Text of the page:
In Shanghai, at 7:30am on the 5th of November (8pm on Tuesday on the east coast of the USA), over a hundred tired but eager Americans sauntered into Malone’s Bar, an American establishment, to watch the CNN election results. We had taken the day off work to gather together as strangers to witness what many of us knew would be a historic occasion. As the bar slowly began to fill with diverse faces in an array of colors and ages, I began to shake with anticipation (perhaps from the coffee, but also from the idea that this day could change American history forever). By 8am CNN was gearing up for the close of the first east coast polls, and the first projections came in amid cheers.
A young black lady in an Obama T-shirt handed out posters of the candidate while circling the bar, patting recipients on the back with a friendly, ‘good for you’ whenever someone raised their hand for a poster. In China, where racism is strong, her very existence in the city was encouraging.
A full breakfast platter was 88Rmb, an auspicious and lucky number in China, and a sign for the candidate’s performance later that day. We ate heartedly, drank tea and American coffee and watched as the results rolled in amid holograms and virtual capital pop-ups.
In my life there have been two political experiences that have made me shake with emotion and a precise fear of the unknown. The first was in 2001, when I stood outside an empty classroom wondering where the other students were before a tired and red-eyed boy filled me in on the morning’s details. The second was sitting in an over-crowded American bar on the 5th of November, 2008 when Obama was announced the victor and a stranger nearly knocked me to the floor while hugging me, his whole body shaking, tears running down his face. Men and women cried, screamed and then—there was a silence like I had never known as two years of emotion and waiting after 8 years of being embarrassed to be called an overseas American, flooded into the room and silenced us all.
After the silence returned to cheers, and then silence again, we filtered into the sunshine (by then it was nearly 1pm) and wandered around the city, bold and unafraid to be called Americans.
That night at a celebration party on the Bund we were served Obamatinis and The Change has Come Cocktails with CNN in the background and a mood that was somewhat more serious than the morning, but still a tinge of excitement and unity. Even those who voted for McCain were out chatting happily about change. The change did not imply from a republican to a democrat, but from a failing sense of what it means to be American, to a reminder of what we as a country stand for.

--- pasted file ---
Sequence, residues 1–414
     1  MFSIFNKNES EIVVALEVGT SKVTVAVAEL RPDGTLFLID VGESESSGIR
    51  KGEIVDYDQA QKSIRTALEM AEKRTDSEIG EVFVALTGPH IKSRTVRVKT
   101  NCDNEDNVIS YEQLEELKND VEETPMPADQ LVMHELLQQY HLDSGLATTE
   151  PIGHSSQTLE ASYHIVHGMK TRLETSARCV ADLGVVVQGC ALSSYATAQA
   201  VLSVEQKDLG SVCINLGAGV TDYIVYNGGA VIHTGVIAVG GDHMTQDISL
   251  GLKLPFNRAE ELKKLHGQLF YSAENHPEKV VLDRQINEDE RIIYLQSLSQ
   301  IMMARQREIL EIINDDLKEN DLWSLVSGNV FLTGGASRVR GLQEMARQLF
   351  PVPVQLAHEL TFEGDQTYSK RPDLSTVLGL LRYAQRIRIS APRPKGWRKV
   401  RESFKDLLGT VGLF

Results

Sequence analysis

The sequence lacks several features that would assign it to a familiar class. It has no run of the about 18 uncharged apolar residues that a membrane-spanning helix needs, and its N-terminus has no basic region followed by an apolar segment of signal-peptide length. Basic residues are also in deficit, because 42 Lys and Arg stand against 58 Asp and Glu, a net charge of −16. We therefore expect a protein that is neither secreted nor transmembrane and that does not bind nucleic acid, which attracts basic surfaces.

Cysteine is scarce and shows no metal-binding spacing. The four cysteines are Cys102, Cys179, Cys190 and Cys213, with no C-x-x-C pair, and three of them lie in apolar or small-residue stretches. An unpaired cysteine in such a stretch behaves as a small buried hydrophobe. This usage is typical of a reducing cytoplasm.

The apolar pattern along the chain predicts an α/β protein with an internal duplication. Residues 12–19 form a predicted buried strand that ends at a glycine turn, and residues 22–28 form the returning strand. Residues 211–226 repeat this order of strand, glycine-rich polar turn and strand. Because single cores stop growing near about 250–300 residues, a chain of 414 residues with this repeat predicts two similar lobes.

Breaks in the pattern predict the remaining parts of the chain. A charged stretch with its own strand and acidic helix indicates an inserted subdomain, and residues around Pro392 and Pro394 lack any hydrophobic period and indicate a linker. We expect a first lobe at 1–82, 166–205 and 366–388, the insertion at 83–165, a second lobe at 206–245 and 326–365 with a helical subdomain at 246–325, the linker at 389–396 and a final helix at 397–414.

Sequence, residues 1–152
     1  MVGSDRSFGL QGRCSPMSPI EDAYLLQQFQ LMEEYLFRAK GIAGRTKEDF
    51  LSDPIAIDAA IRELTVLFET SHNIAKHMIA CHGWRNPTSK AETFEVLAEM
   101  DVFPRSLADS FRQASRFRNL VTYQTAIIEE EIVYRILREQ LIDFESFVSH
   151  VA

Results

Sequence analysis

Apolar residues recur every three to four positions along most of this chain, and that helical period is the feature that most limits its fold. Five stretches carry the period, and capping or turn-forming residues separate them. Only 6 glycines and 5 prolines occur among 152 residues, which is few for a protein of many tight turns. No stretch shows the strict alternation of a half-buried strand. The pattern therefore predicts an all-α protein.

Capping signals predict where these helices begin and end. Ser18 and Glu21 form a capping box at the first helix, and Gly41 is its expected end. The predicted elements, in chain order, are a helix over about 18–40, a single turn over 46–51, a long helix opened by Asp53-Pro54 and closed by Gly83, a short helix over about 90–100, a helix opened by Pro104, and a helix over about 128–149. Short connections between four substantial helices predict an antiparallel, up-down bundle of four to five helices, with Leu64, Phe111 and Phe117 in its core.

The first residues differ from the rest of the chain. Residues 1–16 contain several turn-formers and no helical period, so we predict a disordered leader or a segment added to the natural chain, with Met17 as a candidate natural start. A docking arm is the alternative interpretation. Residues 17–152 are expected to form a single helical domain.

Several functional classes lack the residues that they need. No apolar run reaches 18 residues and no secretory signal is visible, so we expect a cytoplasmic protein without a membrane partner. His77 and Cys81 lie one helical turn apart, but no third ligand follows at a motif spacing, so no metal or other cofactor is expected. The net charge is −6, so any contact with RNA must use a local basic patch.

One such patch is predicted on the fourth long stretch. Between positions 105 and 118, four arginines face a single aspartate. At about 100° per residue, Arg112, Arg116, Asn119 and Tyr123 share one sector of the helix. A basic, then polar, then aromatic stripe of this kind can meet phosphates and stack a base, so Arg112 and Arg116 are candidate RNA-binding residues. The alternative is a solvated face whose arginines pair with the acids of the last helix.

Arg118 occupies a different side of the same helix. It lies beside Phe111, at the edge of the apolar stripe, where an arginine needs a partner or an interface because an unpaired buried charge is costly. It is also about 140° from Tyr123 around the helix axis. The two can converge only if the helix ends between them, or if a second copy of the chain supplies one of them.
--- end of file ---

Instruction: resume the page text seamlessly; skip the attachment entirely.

The thing most impressed on me was the willingness, vocalized loudly and clearly, of Americans back home and abroad to work together to rebuild America. It is not, as some suspect, the worship or idolization of one man, but instead a return to the ideas that America was founded upon. I am happy that America now has an African-American president, but for me the real triumph is not that aspect, but the fact that he is a symbol for the reinvigoration of a faith most of us had lost in our country. I felt pride not in Obama, but in Americans. The person who hugged me at Malone’s that morning was a gay man whose faith is indeed in change as an American concept, not in Obama himself. That is what is unique and beautiful, and why I feel like last Wednesday is a day I will never forget, much in the same way I am unlikely to forget 9/11.
Since that emotion-charged day, I have watched as headlines across China have praised the choice of our next leader. What the Chinese admired about Americans is now returning: an unwavering faith in humanity based on principles of freedom, equality and the pursuit of happiness. Across the world we are seeing headlines of the same nature, the world is ready to be wowed once again by American idealism and American dreaming. The world wants us to exist, to live and enjoy freedoms and happiness to prove that a sort of utopia can exist on earth. Though a bit hyped up, I do believe that this I what people are looking for in our country across the pond, and what I hope we can prove by banning together and imagining ourselves responsible enough to create the future we design.
Today I’m proud to say I’m an American. Something I have not said in a long, long time.
-posted by Lauren.